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Postcard, 19th C. Egyptian dancer. From Casablanca to Chicago

Middle Eastern dance has existed since prehistoric times, although we aren’t sure what form it took. Anthropologists believe that it was surely linked to religious worship. The Romans enjoyed this dance, as did the sultans of the Ottoman empire. Later, in the 19th century, the French Foreign Legion made it popular (but not at all respectable) during the colonization of Algeria. Pierre Auguste Renoir and Gustave Flaubert recorded their experiences with the Ouled Nail, the “tribe of the dancing sandals,” in Algeria.

Middle Eastern dance was present on the American frontier, and at the 1893 Chicago World’s Fair, where the famous tune that’s now nearly a nursery rhyme was coined. The “Egyptian Dancers” there--notably Little Egypt--were so popular that burlesque dancers picked up the idea and the name in order to add Eastern glamour to their shows.

Meanwhile, in the Middle East, dance was performed in the villages and in the cabarets. Women danced in their homes, but not while men were present, and not before strangers. Even today, a woman who dances in public in the Middle East may have a hard time persuading people that she’s decent.


Postcard, 1906: Danse du foulard. Tunisian scarf dance. Bringing art to life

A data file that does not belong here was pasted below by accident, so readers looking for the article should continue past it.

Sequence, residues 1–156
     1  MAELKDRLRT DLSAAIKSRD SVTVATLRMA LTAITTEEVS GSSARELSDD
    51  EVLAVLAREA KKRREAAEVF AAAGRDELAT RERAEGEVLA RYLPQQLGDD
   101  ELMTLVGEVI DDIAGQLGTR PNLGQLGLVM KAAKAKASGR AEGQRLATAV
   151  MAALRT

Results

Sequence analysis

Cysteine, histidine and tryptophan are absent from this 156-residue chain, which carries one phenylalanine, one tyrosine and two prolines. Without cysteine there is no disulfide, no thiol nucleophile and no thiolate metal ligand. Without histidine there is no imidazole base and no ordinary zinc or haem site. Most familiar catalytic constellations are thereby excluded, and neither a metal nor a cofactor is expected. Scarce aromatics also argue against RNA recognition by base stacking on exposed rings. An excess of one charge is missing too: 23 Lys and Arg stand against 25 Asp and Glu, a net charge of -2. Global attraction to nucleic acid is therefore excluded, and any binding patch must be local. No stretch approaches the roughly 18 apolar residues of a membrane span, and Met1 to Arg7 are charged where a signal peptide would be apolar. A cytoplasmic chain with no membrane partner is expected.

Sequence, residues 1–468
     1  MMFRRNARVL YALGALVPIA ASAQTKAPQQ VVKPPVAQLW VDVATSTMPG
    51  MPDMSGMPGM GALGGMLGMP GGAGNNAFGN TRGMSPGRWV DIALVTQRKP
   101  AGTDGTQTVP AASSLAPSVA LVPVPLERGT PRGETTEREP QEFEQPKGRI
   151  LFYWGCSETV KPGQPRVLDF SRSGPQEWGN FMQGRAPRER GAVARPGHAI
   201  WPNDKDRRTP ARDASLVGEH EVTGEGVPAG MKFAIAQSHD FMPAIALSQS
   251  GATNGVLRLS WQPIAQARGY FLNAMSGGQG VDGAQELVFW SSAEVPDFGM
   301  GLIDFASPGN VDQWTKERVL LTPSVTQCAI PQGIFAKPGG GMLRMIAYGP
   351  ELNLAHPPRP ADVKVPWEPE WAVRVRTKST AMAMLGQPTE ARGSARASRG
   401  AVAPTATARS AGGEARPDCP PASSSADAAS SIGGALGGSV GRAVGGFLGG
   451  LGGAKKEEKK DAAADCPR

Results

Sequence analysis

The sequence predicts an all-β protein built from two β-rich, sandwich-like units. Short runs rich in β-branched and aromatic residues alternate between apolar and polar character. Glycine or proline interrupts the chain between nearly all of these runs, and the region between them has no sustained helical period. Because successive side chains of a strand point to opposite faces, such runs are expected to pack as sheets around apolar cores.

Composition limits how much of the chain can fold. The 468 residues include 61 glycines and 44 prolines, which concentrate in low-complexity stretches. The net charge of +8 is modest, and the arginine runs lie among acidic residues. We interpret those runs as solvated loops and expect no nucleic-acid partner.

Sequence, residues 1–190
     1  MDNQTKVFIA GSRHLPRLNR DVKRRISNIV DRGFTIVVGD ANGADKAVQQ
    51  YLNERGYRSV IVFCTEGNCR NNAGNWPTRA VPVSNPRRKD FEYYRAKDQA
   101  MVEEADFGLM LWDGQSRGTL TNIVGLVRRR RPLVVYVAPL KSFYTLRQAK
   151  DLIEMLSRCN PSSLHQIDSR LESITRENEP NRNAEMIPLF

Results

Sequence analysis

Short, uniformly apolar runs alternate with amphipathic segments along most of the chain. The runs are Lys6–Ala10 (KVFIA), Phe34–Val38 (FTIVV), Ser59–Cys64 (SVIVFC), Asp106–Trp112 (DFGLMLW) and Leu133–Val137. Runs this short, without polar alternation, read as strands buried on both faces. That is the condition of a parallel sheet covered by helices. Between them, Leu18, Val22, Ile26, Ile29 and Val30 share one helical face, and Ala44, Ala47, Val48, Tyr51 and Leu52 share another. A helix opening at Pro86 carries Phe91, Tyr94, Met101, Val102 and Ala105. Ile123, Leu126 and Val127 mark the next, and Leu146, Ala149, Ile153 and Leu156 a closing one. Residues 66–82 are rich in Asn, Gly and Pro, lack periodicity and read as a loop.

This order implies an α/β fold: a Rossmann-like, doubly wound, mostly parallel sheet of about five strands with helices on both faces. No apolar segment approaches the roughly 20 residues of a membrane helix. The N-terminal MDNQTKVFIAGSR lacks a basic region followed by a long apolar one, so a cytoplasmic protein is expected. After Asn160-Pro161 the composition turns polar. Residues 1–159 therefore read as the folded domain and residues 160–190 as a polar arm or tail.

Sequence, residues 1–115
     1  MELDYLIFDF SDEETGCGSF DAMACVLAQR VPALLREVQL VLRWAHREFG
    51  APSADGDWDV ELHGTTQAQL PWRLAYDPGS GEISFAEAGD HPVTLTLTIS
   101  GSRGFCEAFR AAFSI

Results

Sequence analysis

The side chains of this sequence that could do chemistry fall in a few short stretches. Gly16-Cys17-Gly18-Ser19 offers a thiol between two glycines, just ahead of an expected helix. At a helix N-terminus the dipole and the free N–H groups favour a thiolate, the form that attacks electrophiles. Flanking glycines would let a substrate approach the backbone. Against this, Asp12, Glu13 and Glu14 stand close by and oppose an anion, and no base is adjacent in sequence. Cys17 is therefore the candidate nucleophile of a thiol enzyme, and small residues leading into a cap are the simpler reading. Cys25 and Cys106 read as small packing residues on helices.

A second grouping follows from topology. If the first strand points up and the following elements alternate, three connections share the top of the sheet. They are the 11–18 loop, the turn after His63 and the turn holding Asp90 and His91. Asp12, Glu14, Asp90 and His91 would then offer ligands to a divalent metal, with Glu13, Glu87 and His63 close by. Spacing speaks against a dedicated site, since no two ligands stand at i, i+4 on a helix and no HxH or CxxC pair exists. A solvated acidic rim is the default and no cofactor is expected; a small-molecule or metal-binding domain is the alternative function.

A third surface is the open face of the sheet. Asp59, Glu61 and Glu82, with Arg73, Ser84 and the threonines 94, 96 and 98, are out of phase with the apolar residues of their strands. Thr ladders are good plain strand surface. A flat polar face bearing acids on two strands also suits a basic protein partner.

Many artists have worked hard to both elevate and record this dance form. The most significant is Mahmoud Reda, who in 1959 formed the Reda Company. This group performed Middle Eastern dance theatre. Reda says that he wished to present this art form “in a place where people go to watch dance, not to eat and drink.” His troupe became a diplomatic arm of the Egyptian government and toured 52 countries. He now tours the U.S. every two years, and offers classes to students like ourselves.

Also of great note is Ibrahim Farrah, who in New York formed the Near East Dance Group, which performed in many groundbreaking venues including Carnegie Hall, Lincoln Center and Town Hall. Farrah, before his death in 1998, emphasized authenticity and the study of Middle Eastern dance as a serious art form.


Postcard, early 20th C. France: gypsy. From the theater to the Nile

If you went to Egypt today, you’d see Danse Orientale performed in the nightclubs and Folkloric Dance in theatrical productions like Reda’s. You might see a ghawazee (Egyptian gypsy) in the bazaar, or at a festival, or on a boat in the Nile. You might glimpse movement behind a window. If you’re female, you could be invited into a women-only party in which the guests feel free to let go and have fun. And best of all, families who are hosting a wedding, which always include an Oriental dancer, string colored lights to invite in both strangers and guests.



Contemp. photo recreates hand design of Moroccan Guedra dancer. Read more about Middle Eastern dance

Here are three excellent sources to get you started:

  • Buonaventura, Wendy. Serpent of the Nile: Women and Dance in the Arab World. New York: Interlink Books, 1994.
  • Carlton, Donna. Looking for Little Egypt. Bloomington, IN: IDD Books, 1994.
  • Habibi Magazine: A Journal for Lovers of Middle Eastern Dance and Arts.



Images of Egyptian and Tunisian dancers courtesy of The Museum of Middle Eastern Dance


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